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'Rosa glauca 'Nova'' rose Reviews & Comments
Discussion id : 106-237
most recent 2 NOV 17 SHOW ALL
 
Initial post 27 OCT 17 by Byrnes, Robert L.
Translated from Swedish using Google Translator

Rosa glauca 'Nova' - Daggros 'Nova'

Plant Description by Elisabeth Öberg Published in Green Facts 7/2006, Plants for the Future VI. Movium / SLU. Available from Movium tel. 040-41 50 00.

The variety 'Nova' comes from Öjebyn's garden testing station in Piteå (then Agricultural College) and was found by researcher Gunny Larsson in a trial of park roses from 1956. Gunny thought it could be a hybrid between the Canadian The buscrown 'Prairie Dawn', which was part of the experiment, and Rosa glauca, dawn. The species is wildly growing in the Central European mountains and is particularly common in the Alps and Pyrenees.

The rest of the PDF can be seen here: http://www.eplanta.com/Customer/Egreen/filearea/Produkter/Trad_och_buskar/ROSGLANO/rosa_glauca_nova_e_c.pdf
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Reply #1 of 3 posted 27 OCT 17 by Puns 'n' Roses
I think the funny sentence translates to "Gunny thought it could be a hybrid between the Canadian shrub rose 'Prairie Dawn', which was part of the experiment, and Rosa glauca, the Red-Leafed Rose." Maybe HMF could add the synonym daggros to R. glauca?
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Reply #2 of 3 posted 28 OCT 17 by jedmar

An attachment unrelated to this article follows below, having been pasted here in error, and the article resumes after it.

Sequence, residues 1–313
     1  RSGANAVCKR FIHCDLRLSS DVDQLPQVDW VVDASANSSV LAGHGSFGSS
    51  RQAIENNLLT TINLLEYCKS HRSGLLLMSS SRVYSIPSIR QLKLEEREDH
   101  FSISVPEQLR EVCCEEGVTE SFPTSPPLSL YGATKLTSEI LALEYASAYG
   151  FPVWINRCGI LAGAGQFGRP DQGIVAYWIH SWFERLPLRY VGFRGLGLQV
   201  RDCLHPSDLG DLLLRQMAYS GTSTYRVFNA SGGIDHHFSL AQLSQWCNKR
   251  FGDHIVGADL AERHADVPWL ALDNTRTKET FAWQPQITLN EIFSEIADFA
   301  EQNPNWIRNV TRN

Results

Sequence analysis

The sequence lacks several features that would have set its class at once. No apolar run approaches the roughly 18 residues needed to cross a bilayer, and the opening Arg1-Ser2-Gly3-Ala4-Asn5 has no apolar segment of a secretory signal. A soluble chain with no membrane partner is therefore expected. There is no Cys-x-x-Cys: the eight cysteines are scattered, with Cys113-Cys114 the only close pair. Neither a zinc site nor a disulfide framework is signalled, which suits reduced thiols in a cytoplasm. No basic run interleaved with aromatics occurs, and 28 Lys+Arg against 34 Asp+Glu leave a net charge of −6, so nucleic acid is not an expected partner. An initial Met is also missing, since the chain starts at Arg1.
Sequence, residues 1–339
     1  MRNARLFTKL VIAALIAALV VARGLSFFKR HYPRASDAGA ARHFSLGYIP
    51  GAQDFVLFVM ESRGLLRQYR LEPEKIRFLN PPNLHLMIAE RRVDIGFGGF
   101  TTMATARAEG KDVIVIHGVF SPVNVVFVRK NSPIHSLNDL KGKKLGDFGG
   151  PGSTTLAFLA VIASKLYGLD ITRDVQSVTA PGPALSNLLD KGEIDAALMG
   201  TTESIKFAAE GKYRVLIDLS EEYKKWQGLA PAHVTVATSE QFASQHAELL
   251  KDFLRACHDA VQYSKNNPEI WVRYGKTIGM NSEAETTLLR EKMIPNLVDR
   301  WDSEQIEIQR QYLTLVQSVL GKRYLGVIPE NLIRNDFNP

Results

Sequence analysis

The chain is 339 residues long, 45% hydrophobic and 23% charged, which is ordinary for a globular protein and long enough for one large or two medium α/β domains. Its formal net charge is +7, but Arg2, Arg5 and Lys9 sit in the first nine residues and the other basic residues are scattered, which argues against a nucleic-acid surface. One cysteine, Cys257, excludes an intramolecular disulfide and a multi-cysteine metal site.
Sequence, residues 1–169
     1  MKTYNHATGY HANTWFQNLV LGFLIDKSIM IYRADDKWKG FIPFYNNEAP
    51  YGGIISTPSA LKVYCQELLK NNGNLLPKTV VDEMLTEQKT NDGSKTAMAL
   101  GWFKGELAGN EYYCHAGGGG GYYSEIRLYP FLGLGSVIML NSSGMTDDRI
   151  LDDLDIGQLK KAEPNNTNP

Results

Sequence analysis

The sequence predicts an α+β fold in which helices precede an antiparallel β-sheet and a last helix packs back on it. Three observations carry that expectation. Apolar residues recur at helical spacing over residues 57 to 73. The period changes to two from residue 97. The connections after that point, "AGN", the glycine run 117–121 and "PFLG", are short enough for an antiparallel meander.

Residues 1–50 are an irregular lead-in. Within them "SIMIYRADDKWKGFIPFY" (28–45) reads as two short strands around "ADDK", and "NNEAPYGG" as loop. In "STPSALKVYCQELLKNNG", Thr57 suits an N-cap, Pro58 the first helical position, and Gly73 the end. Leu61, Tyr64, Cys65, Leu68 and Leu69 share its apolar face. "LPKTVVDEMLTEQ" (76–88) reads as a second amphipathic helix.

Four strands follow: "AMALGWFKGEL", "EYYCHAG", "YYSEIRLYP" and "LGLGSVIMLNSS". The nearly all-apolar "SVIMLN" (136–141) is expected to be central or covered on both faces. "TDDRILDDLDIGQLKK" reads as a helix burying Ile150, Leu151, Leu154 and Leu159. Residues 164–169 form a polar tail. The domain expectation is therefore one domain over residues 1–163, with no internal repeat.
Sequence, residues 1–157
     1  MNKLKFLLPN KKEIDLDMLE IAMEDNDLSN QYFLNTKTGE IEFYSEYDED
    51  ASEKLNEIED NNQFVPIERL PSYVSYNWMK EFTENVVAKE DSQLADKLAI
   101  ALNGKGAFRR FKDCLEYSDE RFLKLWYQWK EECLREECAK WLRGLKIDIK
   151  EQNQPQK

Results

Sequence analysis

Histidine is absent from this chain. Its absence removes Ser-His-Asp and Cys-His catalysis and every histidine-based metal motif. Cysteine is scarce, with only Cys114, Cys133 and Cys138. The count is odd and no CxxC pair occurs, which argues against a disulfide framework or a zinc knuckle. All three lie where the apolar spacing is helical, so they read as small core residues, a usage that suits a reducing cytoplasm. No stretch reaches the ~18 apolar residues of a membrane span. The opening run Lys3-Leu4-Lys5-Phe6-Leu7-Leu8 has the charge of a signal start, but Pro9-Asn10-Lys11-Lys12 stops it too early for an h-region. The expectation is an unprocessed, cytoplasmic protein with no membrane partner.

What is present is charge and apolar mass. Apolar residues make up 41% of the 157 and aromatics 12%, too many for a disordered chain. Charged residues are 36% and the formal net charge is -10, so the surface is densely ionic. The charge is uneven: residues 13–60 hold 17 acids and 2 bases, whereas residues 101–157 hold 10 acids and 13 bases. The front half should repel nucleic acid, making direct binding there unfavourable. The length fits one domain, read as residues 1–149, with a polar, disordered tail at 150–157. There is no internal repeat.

Thank you, we have completed the description based on your Information.
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Reply #3 of 3 posted 2 NOV 17 by Margit Schowalter
It is interesting to learn of Canadian roses being tested in Sweden in the 50's. At that time, H.F. (Bert) Harp was in charge of rose breeding at the Morden Experimental Farm. His notes and records were lost when he retired in 1969. Thus, we have no record in Canada of a co-operative trial with Sweden. 'Prairie Dawn' was introduced in Canada in 1959.
Does anyone know if there is a record of the roses grown in the trial and if the trial gardens still exist?
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Discussion id : 106-272
most recent 30 OCT 17 HIDE POSTS
 
Initial post 30 OCT 17 by Byrnes, Robert L.
Here is additional information that lists hardiness zone 2 for 'Nova' and also mentions 'Prairie Dawn' as a possible parent. This information was translated from Icelandic to English via google translate.

Villarosa Sort
Origin: Sweden, 1956. Self-propelled plant discovered by Gunny Larsson. R. glauca clearly reveals the other parent, but the other is unknown, possibly 'prairie dawn'.
Flower color: pink
Scent: none
Flowering: single flowering, end of July - August.
Hardwood: Category 1
USDA zone 2; H7

https://sites.google.com/site/gardaflorarosir/roses/species-roses/nova
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Reply #1 of 1 posted 30 OCT 17 by Margaret Furness
Self-propelled? I like it!
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